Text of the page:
'Robin Williams: Come Inside My Mind': Film Review | Sundance 2018

An always lively, moderately deep look at the one-of-a-kind performer.

Marina Zenovich's doc combs through old performance clips and new interviews to eulogize the late comedian.

At the start of Marina Zenovich's Robin Williams: Come Inside My Mind, interviewer James Lipton asks Williams what many have wondered: Does he, as his quicksilver monologues seem to prove, simply think faster than the rest of us? The actor cackles for a moment, as if he wished the explanation were so simple, before breaking into a signature quick-change rant.

Viewers will walk away from this film without knowing the answer to Lipton's question — are the mechanics of Williams' intense and unpredictable riffs even knowable? — but they will likely be refreshed by a cleansing exposure to his talent, a film that doesn't shy from the well-known darkness in the star's life but prefers to remind us how funny he could be. It should be well received when it airs on HBO.

The best doc Zenovich has made since the first of her two looks at Roman Polanski, Wanted and Desired, this one follows an earlier, less successful portrait of a comic trailblazer who struggled with drugs and booze, 2013's Richard Pryor: Omit the Logic. As in that film, Zenovich doesn't talk to many people we might guess she would. Williams' second and third wives are absent; only the oldest of his three children participates; and fewer significant showbiz friends/costars than expected drop in. Here, though, the omissions feel less like a game of access politics ("I won't do it if she's involved") than an understandable reluctance to discuss broken marriages and addiction in the shadow of Williams' untimely 2014 death.

And those who do make it onscreen do more than just praise the comedian. They can sometimes set a scene or reveal character with impressive economy. Describing the heady, collegial California comedy scene in which he first saw Williams perform, David Letterman somehow says everything he needs to by noting that, in those days, the state was led by a governor who was dating Linda Ronstadt. (He goes on to say that he and those in his circle started off skeptical of Williams but soon concluded he could do things mortals couldn't.)

Zenovich sketches young Robin's childhood — is it not surprising that he was a clean-cut student and enthusiastic athlete before discovering improv and the theater? — emphasizing the impact that being an only child had on him. (He actually had two half-brothers, we learn, both of whom were raised in separate households.) Mom was always a cut-up (we see some of her disarming antics), but Dad was stone-faced enough that, when a Jonathan Winters bit on The Tonight Show made him laugh, Robin took note. Years later, Winters would surreally play Williams' son on his breakthrough sitcom.

Williams went with a theater troupe to the Edinburgh Festival, then arrived at Juilliard at the same time as Christopher Reeve. He knew he'd discovered something when he tried out his first bit of physical comedy in a classroom and got a laugh out of stodgy old Juilliard head John Houseman.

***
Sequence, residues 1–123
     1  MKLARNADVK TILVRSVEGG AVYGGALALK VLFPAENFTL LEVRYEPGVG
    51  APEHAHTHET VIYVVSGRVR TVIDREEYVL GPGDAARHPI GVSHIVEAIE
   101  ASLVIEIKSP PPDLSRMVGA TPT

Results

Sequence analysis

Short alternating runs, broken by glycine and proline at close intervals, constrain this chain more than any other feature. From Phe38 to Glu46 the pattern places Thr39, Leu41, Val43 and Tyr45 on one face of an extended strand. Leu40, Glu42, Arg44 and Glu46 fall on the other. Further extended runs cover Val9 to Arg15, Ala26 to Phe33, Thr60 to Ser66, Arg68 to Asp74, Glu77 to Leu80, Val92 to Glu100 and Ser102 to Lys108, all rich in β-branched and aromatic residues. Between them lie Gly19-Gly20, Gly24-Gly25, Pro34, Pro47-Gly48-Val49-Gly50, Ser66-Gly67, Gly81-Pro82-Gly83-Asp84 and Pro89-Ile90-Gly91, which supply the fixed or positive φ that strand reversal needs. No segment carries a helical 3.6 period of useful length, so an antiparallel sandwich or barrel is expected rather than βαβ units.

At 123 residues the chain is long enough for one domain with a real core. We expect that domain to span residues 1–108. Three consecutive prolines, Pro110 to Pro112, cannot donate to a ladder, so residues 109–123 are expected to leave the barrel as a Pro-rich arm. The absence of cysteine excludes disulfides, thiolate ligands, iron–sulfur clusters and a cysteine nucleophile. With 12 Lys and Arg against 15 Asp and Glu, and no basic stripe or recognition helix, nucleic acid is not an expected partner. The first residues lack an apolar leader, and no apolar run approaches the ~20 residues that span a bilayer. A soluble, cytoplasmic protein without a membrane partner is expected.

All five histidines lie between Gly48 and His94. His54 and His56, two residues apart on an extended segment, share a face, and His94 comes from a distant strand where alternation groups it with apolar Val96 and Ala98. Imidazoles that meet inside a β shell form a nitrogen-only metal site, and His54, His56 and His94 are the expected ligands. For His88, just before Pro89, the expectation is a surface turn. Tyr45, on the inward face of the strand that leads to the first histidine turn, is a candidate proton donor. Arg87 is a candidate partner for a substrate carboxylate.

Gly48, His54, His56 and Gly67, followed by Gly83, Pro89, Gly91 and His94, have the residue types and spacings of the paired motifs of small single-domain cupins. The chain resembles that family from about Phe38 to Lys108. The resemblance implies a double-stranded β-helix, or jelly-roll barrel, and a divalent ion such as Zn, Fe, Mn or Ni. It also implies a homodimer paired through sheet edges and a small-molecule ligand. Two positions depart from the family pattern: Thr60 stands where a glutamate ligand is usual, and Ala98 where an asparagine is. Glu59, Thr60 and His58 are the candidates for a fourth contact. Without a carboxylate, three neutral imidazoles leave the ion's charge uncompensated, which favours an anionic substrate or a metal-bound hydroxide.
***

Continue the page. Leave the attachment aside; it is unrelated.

From here he went to Los Angeles, making the aforementioned big impression on stand-up comics in the know. But how did he get the break that made him rich? Things were getting desperate, story-wise, on Happy Days when series creator Garry Marshall asked his Star Wars-obsessed son, Scott, what could help the show. An alien, the boy replied. "Scotty wants a spaceman," Marshall told his staff, and Mork from Ork was born.

The film's scenes chronicling the Mork and Mindy sensation are among its most enjoyable, offering both outtakes of Williams' ad-libs unfit to air and warm recollections from co-star Pam Dawber. But there's a lot of personal and career ground to cover from this point out.

Though it's a little reductive in assessing Williams' highs and lows on the big screen (they're pretty much all highs, Zenovich seems to think), the film gives us enjoyable time-outs to look behind the scenes at landmark performances like those in Awakenings and One Hour Photo. Mark Romanek, director of the latter, is one of too few interviewees here who had the experience of directing the actor, and he offers some of the doc's most meaningful insights into his methods.

We hear early on that Williams was far quieter in his personal life than when he was around an audience. But he certainly seems to have worked for laughs when hanging out with Billy Crystal, a close friend who gets lots of screen time here.

Crystal helps bridge the narrative from the height of Williams' stardom through his decline. He suffered lapses from sobriety, underwent heart surgery and was finally diagnosed with Parkinson's. After his suicide in 2014, an autopsy revealed that the Parkinson's was a misdiagnosis: He actually had Lewy body dementia, which was almost surely a factor in his suicide. The movie doesn't discuss this, offering just a clip of filmmaker and friend Bobcat Goldthwaite mentioning the disorder and saying that Williams' "brain was giving him misinformation." Instead, Zenovich offers loved ones' sadness with about as few maudlin shots as she can get away with. She's clearly eager to refocus our attention on the talents of a man who, according to son Zak, only felt successful when pleasing other people.

 

 

Production company: HBO Documentary Films
Distributor: Jigsaw Productions
Director: Marina Zenovich
Producers: Alex Gibney, Shirel Kozak, Nancy Abraham
Executive producers: David Steinberg, Kristen Vaurio, Marina Zenovich, Sheila Nevins
Directors of photography: Nick Higgins, Jenna Rosher, Thorsten Thielow, Wolfgang Held
Editors: Greg Finton, Poppy Das
Composer: Adam Dorn
Venue: Sundance Film Festival (Doc Premieres)

116 minutes